WHEREVER THEY MAY BE
© 1972, The Beate Klarsfeld Foundation
 
 
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 ages, ranks, and duties.) As an S.D. policeman, Barbie had to do only a short term of military service instead of the regular term. From September 5 to December 3, 1938, he was a private in the 39th Infantry Regiment.

On April 9, 1939, Klaus became engaged to Regina Margareta Maria Willims, twenty-three, daughter of a post office clerk. She had not completed her secondary education, but had taken a six-month course in cooking. In 1936 she worked as a maid in Berlin, and in 1937 she settled in Düsseldorf, where she took care of children in the day nursery of the Nazi Women's Organization. She too was a member of the Nazi Party, No. 5,429,240.

They were married in Berlin on April 25, 1940. The witnesses were Klaus's associates, S.S.-Obersturmführer Emil Goebel and Paul Neukirchen. Klaus himself, who had been Oberscharführer since September 1, 1939, was promoted five days before his marriage to S.S.-Untersturmführer.

When the Wehrmacht invaded western Europe, the police followed it. On May 25, 1940, Klaus Barbie reached The Hague, where he was assigned to the S.D.-Security Police's Bureau for Jewish Affairs. But game was more plentiful in Amsterdam. The young S.S.-Obersturmführer – Barbie had passed his examination and been promoted on November 9, 1940, and he was awarded the Iron Cross, Second Class, on April 20, l941 – was to work, from early 1941 until March 1, 1942, in the Bureau for Jewish Affairs in the city of Rembrandt and, later, of Anne Frank.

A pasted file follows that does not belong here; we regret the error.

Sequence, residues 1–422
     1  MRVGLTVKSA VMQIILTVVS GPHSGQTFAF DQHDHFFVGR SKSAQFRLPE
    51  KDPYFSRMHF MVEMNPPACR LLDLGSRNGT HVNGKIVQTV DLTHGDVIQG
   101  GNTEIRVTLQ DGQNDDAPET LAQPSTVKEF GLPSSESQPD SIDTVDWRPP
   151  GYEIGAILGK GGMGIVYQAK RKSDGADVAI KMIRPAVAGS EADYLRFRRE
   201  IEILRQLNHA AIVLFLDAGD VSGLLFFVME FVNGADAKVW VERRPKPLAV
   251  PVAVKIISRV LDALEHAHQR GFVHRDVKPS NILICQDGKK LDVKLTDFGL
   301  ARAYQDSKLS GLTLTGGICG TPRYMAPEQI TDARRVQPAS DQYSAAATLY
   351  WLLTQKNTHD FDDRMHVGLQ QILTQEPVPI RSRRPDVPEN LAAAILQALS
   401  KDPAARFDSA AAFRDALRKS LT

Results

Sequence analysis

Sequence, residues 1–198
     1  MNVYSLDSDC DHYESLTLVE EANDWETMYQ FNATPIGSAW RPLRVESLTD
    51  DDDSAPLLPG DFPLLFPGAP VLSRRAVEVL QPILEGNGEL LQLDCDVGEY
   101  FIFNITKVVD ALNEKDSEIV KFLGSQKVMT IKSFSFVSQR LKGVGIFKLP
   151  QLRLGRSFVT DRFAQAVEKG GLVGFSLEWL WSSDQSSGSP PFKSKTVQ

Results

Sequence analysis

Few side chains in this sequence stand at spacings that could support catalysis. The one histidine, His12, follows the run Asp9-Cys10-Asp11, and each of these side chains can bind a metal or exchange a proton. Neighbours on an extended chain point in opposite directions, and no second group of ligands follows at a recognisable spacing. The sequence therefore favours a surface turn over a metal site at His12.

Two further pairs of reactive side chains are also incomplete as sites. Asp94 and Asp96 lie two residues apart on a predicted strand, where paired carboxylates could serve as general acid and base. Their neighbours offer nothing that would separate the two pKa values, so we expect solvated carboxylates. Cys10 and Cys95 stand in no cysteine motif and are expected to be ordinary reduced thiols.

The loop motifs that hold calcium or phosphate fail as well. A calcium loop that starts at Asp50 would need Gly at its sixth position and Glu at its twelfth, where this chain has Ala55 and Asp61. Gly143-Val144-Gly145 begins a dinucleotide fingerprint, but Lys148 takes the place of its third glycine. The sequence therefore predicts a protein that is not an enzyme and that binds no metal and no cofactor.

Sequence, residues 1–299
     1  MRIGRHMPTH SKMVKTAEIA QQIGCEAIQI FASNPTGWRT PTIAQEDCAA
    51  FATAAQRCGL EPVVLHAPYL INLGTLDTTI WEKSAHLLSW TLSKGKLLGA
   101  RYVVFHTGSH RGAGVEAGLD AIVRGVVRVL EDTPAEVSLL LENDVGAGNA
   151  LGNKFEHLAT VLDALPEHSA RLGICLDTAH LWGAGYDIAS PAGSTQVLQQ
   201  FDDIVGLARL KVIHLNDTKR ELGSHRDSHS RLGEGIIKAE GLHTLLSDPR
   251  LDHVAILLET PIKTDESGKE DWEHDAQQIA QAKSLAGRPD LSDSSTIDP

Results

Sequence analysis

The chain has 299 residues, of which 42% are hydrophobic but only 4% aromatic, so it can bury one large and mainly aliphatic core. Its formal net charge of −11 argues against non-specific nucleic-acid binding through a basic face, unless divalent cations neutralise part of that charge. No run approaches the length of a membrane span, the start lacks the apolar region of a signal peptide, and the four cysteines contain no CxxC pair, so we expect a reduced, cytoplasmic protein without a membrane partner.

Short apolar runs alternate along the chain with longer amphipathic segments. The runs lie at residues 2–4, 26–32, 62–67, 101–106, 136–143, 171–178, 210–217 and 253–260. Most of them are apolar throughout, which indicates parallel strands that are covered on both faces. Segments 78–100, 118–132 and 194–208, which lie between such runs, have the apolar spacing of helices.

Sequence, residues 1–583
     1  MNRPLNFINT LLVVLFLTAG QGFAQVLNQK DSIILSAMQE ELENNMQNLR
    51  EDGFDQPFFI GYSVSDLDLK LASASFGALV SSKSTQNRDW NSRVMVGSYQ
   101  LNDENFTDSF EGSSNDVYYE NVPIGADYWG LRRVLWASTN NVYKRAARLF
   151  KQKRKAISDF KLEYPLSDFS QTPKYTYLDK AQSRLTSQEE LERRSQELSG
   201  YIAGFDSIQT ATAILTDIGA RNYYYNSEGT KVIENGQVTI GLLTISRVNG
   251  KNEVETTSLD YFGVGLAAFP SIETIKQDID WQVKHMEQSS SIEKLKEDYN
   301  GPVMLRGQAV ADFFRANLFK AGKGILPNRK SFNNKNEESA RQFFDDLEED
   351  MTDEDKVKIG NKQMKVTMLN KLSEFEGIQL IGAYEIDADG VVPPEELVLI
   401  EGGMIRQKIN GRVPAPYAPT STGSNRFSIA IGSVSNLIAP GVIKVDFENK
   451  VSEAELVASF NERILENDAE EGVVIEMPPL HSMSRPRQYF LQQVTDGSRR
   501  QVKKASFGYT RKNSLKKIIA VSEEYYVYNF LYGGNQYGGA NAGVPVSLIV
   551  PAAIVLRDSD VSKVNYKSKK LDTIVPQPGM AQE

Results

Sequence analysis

He must have gotten a leave in the fall of 1940, for his daughter was born on June 30, 1941, in Trier.

On May 21, 1942, a new assignment sent Barbie to France, where he was made head of the S.D.-Security Police Exterior Commando Force in Gex, near the Swiss border. In November 1942, he was made head of the Gestapo's Department IV in Lyon.

I have read what two of his associates in Lyon thought about him. To the fanatical Nazi S.S. Alfred Lutjens, Barbie was "a first-class comrade, intelligent and dynamic, the very soul of the Gestapo." To S.S. Kurt Abendroth, "Barbie's excesses were not always reported to Paris. Barbie was the dynamo of the Department." "Soul" and "dynamo" – those two words say what they mean: Barbie was frenzied in his activities.

An S.D.-Security Police secretary, Hedwig Oudra, who was twenty in 1943, says that she considered Barbie to be excessively brutal. He frequently rebuked one of his deputies named Floreck for not
    
   
 
WHEREVER THEY MAY BE
© 1972, The Beate Klarsfeld Foundation
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